Haas Automation, Inc.
Haas Automation, Inc.
2800 Sturgis Rd.
Oxnard, CA 93030 US
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Haas Automation Milling/Machining Centers
Haas Automation Turning Machines/Centers
Haas Automation is the largest machine tool builder in the western world, manufacturing a complete line of CNC vertical machining centers, horizontal machining centers, CNC lathes and rotary products. The company also builds a variety of specialty machines, including 5-axis machining centers, mold making machining centers, toolroom machines, and gantry routers. Haas machine tools and rotary products are built to the exacting specifications of Gene Haas to deliver higher accuracy, repeatability, and durability than any other machine tools on the market.
Gene Haas founded Haas Automation, Inc., in 1983 to manufacture economical and reliable machine tools. The company entered the machine tool industry with the first-ever, fully automatic, programmable colletindexer – a device used to position parts for machining with very high accuracy. The Haas 5C collet indexer was a huge success, and over the next four years, the company expanded its product line to include a wide selection of fully programmable rotary tables, rotary indexers, and machine tool accessories.
In 1987, Haas Automation began developing its first vertical machining center (VMC), a machine designed to perform such machining operations as milling, drilling, tapping, and boring. This machine, the VF-1, was introduced at a cost that was competitive with machine tools from offshore manufacturers. Employing the latest equipment and procedures for close-tolerance manufacturing, the first VF-1 prototypes were completed in 1988 and introduced at the International Machine Tool Show (IMTS '88) in Chicago, Illinois.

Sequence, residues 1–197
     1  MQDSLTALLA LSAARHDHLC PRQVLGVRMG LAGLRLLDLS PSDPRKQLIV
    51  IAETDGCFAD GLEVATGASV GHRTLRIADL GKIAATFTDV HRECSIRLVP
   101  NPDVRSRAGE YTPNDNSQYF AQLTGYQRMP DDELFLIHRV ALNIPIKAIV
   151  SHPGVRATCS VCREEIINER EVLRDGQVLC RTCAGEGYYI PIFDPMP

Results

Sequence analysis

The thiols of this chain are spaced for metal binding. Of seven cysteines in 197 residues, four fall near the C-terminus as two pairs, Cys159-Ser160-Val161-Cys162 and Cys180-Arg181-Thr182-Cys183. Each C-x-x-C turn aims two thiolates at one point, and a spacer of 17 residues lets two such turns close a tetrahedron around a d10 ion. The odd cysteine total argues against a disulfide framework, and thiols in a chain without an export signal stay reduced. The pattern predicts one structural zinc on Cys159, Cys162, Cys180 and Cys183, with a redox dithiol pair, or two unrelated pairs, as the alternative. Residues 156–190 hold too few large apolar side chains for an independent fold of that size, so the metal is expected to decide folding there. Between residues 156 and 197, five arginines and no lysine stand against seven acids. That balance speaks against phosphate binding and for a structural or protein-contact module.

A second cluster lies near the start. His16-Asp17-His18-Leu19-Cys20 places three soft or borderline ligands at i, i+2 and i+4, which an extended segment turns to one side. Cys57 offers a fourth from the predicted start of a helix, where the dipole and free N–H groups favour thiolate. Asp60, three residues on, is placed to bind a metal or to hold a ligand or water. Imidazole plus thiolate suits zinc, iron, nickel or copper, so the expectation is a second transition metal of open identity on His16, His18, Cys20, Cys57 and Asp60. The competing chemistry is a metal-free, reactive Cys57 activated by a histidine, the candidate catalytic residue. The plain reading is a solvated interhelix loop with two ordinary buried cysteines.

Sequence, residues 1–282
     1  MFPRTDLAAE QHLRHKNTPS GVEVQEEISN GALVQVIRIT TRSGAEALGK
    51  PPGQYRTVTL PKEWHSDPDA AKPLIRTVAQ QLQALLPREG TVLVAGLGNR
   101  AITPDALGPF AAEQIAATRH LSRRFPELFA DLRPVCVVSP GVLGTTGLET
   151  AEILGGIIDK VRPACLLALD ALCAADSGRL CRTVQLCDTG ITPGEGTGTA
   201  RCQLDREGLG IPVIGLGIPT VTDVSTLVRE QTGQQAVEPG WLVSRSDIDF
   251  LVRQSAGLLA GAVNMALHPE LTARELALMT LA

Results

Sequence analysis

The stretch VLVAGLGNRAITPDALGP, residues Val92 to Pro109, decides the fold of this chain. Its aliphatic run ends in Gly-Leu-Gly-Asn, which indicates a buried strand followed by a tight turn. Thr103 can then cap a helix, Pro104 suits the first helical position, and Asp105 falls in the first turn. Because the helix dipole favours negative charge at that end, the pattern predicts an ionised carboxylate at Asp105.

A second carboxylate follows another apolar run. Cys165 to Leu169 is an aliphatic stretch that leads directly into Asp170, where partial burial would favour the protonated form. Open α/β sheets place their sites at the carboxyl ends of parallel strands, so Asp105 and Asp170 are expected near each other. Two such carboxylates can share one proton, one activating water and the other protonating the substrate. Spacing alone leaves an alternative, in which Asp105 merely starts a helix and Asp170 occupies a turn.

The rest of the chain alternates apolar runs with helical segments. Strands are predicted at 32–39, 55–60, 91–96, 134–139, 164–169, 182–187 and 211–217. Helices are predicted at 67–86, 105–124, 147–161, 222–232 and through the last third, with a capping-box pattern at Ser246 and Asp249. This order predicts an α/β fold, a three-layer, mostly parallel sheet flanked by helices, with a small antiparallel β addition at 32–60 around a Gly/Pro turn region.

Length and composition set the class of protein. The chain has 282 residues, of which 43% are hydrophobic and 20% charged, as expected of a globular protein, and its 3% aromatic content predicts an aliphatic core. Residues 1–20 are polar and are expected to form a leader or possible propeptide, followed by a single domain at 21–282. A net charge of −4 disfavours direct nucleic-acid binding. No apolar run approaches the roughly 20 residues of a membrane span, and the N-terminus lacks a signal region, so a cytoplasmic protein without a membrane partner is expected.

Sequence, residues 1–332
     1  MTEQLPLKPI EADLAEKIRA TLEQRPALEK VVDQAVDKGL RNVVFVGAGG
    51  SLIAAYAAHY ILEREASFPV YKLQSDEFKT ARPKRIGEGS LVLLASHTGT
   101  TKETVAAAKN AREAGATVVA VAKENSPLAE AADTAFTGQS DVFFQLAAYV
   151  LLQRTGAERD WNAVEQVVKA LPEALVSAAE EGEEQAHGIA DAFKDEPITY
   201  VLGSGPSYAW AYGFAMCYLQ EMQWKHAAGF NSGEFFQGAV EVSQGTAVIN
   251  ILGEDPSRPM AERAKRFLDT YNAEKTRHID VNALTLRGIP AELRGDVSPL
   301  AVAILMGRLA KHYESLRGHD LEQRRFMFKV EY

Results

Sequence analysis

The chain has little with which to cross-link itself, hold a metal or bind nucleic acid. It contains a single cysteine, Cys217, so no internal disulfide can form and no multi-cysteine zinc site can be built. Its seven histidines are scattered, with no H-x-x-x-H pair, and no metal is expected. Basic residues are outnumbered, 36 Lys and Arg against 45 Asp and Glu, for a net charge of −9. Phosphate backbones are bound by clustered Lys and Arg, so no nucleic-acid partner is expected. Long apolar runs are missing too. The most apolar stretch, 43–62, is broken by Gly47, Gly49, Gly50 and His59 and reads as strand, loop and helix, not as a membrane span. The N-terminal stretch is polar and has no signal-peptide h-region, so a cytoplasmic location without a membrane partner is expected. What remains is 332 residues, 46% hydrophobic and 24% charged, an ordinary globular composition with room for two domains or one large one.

At that time, industry scholars and members of the trade press were skeptical that an American-made machining center could be sold for less than $50,000. Haas not only delivered on the price, but delivered the product as well, something other manufacturers often were unable to do. Today, the Haas VF-1 still sells for less than $50,000, and in most instances, a customer's machine can be delivered within just a few weeks of the initial order.
To ensure accuracy, Haas produces all critical components in-house using dedicated state-of-the-art CNC machine tools. The company's 1-million-square-foot facility makes extensive use the latest lean manufacturing methods and just-in-time production practices to streamline production capabilities and reduce costs. This, combined with highly trained teams for electronics and mechanical assembly, allows Haas to control quality, cost, reliability, and availability. The resulting savings and increased qualityare passed on to the customer in the form of lower prices and better products.
Of the nearly 300 chip-making machine tools in the Haas machine shop, more than two-thirds are Haas machines – proof positive that the company believes in its own products. To increase production capacity and capability, new manufacturing equipment is added constantly, allowing Haas to produce more parts more efficiently, and further reduce the cost of Haas products to the end user.
Today, Haas manufactures four major productlines: vertical machining centers (VMCs), horizontal machining centers (HMCs), CNC lathes and rotary tables, as well as a number of large five-axis and specialty machines. All Haas products are manufactured at the company's expansive facility in Oxnard, California – the largest, most modern machine tool manufacturing operation in the United States.